There was a time in recent history when Elizabeth Taylor was considered the ultimate movie star. Talented, scandalous and ravishingly beautiful, Taylor made a number of fine films during her storied career, culminating in her Oscar-winning performance as in “Who’s Afraid of Virginia Woolf”? It’s hard to know whether the studios stopped providing acceptable scripts for a maturing actress or if she simply wanted to branch out into artier, edgier material more commonly found in European cinema. Whatever the case, Elizabeth Taylor, from the late 1960’s to the mid-70’s, found herself headlining a series of eye-popping oddities and overwrought psychodramas, none of which were stranger than Italian director, Giuseppe Patroni Griffi’s 1974 head-scratcher, “The Driver’s Seat”. Based on Muriel Spark’s novella of the same name, “The Driver’s Seat” is a wildly bizarre concoction that presents Taylor, in psychedelically gaudy attire and hair styled in a wind tunnel, as she drifts from one implausible encounter to the next as she searches for a man who is “her type” (which is code for a man deranged enough to agree to kill her). The main character, Lise, lives in a northern European city and has had enough of life; angry and combative, she’s exhaustively disagreeable and immeasurably sad. She has a vaguely defined job and lives in a building run by a landlady who scorns her. Hopping on a plane to warmer climes, Lise winds up in what is, possibly, Rome, or maybe Naples. It’s hard to discern because there are no clear landmarks; with all that beauty and history abounding in the region, director Griffi doesn’t bother to expound on the surroundings much, preferring to keep his camera trained on Lise and her rapidly shrinking view of the world as she marches resolutely forward on her desperate journey towards death. This isn’t the first film where a main character has presented a morbid obsession with his/her own violent death, although I can’t remember one so drenched in eroticism. At least, that seems like the idea Griffi was trying to get across in the film, and yet the film isn’t erotic whatsoever. With Taylor’s combative Lise constantly finding herself on the verge of getting arrested, raped, kidnapped, blown apart by a bomb, and nearly raped again, it’s like watching a train wreck in the making, thereby obliterating any erotic punch the director may have intended. (The film also jumps back and forth in time, apparently discombobulating some viewers. I don’t really understand this because certain TV drama’s—“How To Get Away With Murder” immediately comes to mind—do this regularly and no one seems to mind).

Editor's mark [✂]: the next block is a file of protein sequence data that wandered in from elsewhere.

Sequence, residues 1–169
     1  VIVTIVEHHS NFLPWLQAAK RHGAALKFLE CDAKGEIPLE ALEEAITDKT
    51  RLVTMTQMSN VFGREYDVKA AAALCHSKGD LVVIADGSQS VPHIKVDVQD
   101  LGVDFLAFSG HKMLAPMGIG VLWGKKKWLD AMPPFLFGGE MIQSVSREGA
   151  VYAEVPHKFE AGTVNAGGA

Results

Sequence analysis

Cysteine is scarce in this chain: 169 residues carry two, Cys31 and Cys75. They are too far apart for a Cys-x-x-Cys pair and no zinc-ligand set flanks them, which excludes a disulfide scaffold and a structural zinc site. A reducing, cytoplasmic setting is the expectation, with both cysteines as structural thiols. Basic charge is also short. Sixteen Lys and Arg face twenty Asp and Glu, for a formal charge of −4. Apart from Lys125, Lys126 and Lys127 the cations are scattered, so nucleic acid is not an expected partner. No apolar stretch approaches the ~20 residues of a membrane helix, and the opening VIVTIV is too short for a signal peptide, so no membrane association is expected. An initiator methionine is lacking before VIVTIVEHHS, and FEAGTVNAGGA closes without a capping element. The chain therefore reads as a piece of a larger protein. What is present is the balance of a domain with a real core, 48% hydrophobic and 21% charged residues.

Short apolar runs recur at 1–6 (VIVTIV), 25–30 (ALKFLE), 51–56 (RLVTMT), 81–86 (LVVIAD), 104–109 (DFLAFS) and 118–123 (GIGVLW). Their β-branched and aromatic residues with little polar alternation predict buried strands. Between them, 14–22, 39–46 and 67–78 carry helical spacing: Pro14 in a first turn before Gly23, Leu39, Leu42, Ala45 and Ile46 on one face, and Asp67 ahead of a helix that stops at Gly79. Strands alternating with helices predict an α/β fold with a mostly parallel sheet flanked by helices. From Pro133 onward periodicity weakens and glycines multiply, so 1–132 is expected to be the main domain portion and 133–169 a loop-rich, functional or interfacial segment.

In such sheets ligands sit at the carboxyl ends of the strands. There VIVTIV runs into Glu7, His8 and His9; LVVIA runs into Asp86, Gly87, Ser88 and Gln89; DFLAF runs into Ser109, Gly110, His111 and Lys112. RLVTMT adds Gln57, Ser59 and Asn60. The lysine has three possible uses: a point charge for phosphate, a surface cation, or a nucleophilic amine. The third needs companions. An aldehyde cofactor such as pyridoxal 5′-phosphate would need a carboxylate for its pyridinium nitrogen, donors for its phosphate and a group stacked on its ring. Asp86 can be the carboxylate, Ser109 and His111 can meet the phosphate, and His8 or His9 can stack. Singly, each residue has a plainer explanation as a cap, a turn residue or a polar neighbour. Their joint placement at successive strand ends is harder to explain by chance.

Lise, herself, has been characterized as an anti-heroine and, as played by Taylor, it’s an apt description. Glamorous and beautifully mad, Lise is such an angry, abrasive personality that you want to detest her, yet Taylor imbues her with such humanity that you also hope she’ll somehow pull herself together and give up on her insane and grandiose plan. Along the way, she meets (among others) a spookily grinning Englishman (Ian Bannen) who is on a macrobiotic diet and must orgasm every day without fail; an elderly female traveler (Mona Washbourne) who (very intuitively) wants to introduce Lise to her nephew (Guido Mannari); a savior who turns into an abductor (Maxence Mailfort); and Andy Warhol (as an English lord!). Yet, despite an interesting and eclectic cast, the movie clearly belongs to Taylor; you simply can’t take your eyes off her. She’s loud and often obnoxious, bitter but also bitterly funny, yet with Taylor playing her, Lise, for the most part, maintains a certain elegance and class that only disappears in the film’s final moments when she finally believes she’s found “her type” and demands that he “Kill me! KILL ME!!!” Her loud, rough voice reminded me, incongruously, of a scene in the hilarious Meryl Streep/Goldie Hawn comedy, “Death Becomes Her”, when their characters were shouting much the same dialogue. Once that flashed into my mind, the entire spell “The Driver’s Seat” had cast over me suddenly dissipated, and I realized how much better this project could have been in the hands of a capable director.